And sometimes, you just have to be an adult and fold your napkin.

I leave you with this. And yes, you do look like that.

Office Noise, Or Jammin' To The Beat

when I use headphones.jpg

I have a beef with the idea of “open space”.

More collaborative is what the creative geniuses say.

But can anyone tell me why everyone who is trying to get something done is wearing headphones?

So much for collaboration . . .

And can you tell me why my colleagues thinks it’s okay to take ALL OF THEIR PHONECALLS ON SPEAKER?

Even voicemail.

Then there’s the guy, and I love him to death, who’s jammin’ to the beat, all the while his chair is squeaking . . . to the beat. And he doesn’t know it because, yes, he’s wearing headphones so he can concentrate.

So now we’re all in our own little worlds wearing headphones.

And don’t get me started on the temperature. Why all the blankets?

Now, let me find an available conference room . . .

One Word - Gamification

I’m so behind the times. I was reading Laurie Ruettimann’s blog Cynical Girl the other day and one of the commenters stated that her company was implementing gamification to induce employees to work better.

“My companies marketing department has now decided to embrace something called "gamification". It seems to have something to do with awarding employees "points" for desirable behavior or something equally as banal and mind numbingly infantile. Shoot me now.”


Because I too thought it was a totally stupid idea, I did some reading.

It seems that gamification is a way to engage Millennials in the workplace. Since they grew up using computers – and computer games – they are wired to look for the wins, badges, levels, recognition, so they will do their work.

And I say, B.S. And why are Millennials inducing companies into certain workplace methodologies so that we keep them engaged? Weren’t they hired to do a job?

As I am a regular reader of Cynical Girl, I found this post – that says it the way only Laurie can.

But, I’ve been reading further. And since I’m in the business of helping agencies and marketing departments implement software – to manage the day-to-day work – I’m wondering how much gamification will engage staff and actually get them to pay attention to what they have to do; how well they do it; and get them to pay attention to the work itself.

I don’t know much about gamification.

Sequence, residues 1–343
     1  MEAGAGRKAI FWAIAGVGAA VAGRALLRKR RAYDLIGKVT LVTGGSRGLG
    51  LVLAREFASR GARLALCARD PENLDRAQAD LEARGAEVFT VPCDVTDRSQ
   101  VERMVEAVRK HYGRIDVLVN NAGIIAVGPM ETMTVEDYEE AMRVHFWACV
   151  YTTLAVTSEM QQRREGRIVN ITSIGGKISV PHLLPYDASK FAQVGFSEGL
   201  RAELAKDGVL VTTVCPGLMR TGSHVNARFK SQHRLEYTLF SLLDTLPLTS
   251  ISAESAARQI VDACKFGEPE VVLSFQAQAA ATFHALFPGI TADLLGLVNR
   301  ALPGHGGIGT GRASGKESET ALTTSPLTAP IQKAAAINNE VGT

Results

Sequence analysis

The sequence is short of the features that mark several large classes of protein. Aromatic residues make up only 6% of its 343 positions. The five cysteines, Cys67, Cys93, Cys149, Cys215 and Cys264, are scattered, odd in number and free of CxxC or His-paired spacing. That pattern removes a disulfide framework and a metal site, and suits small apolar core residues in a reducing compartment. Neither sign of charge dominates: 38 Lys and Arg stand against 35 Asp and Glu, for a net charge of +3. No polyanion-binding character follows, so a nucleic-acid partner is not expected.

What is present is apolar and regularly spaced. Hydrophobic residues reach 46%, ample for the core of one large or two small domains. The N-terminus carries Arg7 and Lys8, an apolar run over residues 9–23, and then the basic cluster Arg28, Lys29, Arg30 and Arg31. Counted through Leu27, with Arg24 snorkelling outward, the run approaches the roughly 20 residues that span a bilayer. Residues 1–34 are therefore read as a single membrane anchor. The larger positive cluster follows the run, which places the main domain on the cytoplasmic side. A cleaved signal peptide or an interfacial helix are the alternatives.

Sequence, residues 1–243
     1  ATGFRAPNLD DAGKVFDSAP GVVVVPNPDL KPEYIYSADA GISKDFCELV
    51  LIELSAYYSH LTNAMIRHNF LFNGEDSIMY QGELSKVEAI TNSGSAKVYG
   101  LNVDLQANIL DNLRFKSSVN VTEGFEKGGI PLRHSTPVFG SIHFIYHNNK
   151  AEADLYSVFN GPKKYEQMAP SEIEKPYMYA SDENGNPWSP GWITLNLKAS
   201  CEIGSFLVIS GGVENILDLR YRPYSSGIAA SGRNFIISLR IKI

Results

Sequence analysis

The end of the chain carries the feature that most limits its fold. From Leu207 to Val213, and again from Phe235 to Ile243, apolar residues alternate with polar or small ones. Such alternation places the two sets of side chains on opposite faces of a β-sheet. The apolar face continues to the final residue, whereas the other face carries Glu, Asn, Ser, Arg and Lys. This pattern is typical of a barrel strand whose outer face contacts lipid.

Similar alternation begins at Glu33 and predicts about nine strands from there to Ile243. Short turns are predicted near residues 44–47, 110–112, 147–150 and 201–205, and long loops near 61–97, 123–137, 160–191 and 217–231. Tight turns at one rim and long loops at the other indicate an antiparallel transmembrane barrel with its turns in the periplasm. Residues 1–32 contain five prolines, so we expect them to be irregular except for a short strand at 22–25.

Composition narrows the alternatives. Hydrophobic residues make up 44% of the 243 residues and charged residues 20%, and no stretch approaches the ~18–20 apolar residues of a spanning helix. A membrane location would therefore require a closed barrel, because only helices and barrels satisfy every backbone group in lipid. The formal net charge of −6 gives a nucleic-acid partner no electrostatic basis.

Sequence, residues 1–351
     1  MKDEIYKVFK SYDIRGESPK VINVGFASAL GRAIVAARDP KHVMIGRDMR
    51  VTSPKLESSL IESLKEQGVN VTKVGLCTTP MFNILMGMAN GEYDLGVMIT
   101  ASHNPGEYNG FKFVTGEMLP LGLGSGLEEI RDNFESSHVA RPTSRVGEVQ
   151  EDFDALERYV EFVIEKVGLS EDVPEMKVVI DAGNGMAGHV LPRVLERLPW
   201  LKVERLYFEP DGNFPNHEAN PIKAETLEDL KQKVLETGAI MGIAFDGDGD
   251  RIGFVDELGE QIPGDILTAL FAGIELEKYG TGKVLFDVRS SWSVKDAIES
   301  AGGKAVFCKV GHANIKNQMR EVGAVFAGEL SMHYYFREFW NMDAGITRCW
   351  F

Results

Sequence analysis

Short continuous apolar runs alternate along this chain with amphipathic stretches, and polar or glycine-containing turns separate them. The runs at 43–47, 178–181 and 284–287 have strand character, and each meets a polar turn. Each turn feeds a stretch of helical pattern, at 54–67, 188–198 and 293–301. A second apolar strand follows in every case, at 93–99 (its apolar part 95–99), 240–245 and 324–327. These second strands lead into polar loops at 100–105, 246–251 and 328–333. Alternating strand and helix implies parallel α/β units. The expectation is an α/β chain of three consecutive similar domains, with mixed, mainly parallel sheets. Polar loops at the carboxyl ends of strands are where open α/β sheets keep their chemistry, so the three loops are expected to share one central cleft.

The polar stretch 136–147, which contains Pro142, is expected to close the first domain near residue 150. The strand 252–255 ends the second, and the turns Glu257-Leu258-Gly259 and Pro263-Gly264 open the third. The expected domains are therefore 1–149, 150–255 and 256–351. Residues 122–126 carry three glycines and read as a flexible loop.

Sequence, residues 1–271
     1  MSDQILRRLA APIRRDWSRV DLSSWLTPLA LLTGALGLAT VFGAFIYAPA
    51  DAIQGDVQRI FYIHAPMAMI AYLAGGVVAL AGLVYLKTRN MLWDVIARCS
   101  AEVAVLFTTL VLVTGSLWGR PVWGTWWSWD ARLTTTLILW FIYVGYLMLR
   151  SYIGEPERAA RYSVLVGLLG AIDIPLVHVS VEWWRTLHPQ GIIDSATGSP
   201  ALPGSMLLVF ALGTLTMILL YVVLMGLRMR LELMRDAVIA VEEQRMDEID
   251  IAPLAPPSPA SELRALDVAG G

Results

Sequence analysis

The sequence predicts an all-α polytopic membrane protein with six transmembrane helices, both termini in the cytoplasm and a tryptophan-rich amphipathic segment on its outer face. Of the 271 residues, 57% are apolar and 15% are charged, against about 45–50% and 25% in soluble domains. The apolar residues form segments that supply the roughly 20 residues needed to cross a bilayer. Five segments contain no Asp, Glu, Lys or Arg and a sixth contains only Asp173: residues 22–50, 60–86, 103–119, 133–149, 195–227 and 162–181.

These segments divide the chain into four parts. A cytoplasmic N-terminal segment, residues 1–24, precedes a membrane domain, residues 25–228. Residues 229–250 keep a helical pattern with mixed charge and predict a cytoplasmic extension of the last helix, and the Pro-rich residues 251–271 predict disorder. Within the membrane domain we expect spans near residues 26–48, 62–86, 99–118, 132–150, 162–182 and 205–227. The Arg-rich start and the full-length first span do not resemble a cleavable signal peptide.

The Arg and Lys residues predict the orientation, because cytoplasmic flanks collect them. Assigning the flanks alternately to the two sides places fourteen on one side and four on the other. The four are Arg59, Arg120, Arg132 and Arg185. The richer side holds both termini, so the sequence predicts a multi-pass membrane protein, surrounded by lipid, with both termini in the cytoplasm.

So, I’ve been wondering how adding this extra layer of mayo to the work-day sammich will truly ‘engage’ the Millennials, and why / if it ‘turns-off’ the rest of us.

I come from the generation of expectations and meeting them. Not earning badges because I did what I was supposed to do.

But…in light of something I have read about gamification, I’m doing further ‘research’.

Why would I ever research something I think is stupid? Well, it is hard enough to get everyone in an agency to use the tools we need to use every day in order to manage work efficiently. I wonder how well gamification apps engage, keep engaged, and truly provide relevant data to determine what’s gettin’ done.

What do you think? Is your agency, marketing department, company implementing gamification? If so, what flavor are you using? How is it going? What does your staff think?

I’m going to give the guys at Bunchball a call.

Include Your Team When Evaluating Agency Software

This Forbes article by Avi Dan relates to building a great creative team. But this isn’t just for doing creative – it’s really for solving any puzzle or problem.

When I implement an agency management software solution, I invite people from all areas of an agency – to review, question, and provide the ‘what ifs’. If you want people to use something, give them a voice. And listen. Inclusion and careful consideration of their feedback will go a long way. They won’t feel victimized by some decision that accounting or the partners made for the hope of better performance and reporting.

There is no reason for victims.

Boring things like process and procedure do have real a purpose in any organization and should induce a positive outcome. They provide the framework so the daily hum of an agency has a level of predictability and is logical to everyone.

Why are we doing this?

Introducing agency management tools, along with a ‘new’ process – without input – is usually a disaster.

Putting time and money into tools and process without engaging your agency staff is a waste. And if you’ve done it unsuccessfully once, I can guarantee they will be even less inclined to participate should you look for yet ‘another solution’.

In the article, points number four and five are important:

4. Get naïve feedback. “Beginner’s luck” can facilitate creativity – with a twist. A lot of brilliant ideas don’t start this way, but become so when remarked on by a novice or an outsider. Experts sometimes tend to think in lockstep, and denigrate ideas not their own. Reach out for naïve advice beyond the usual suspects and liberate your creativity.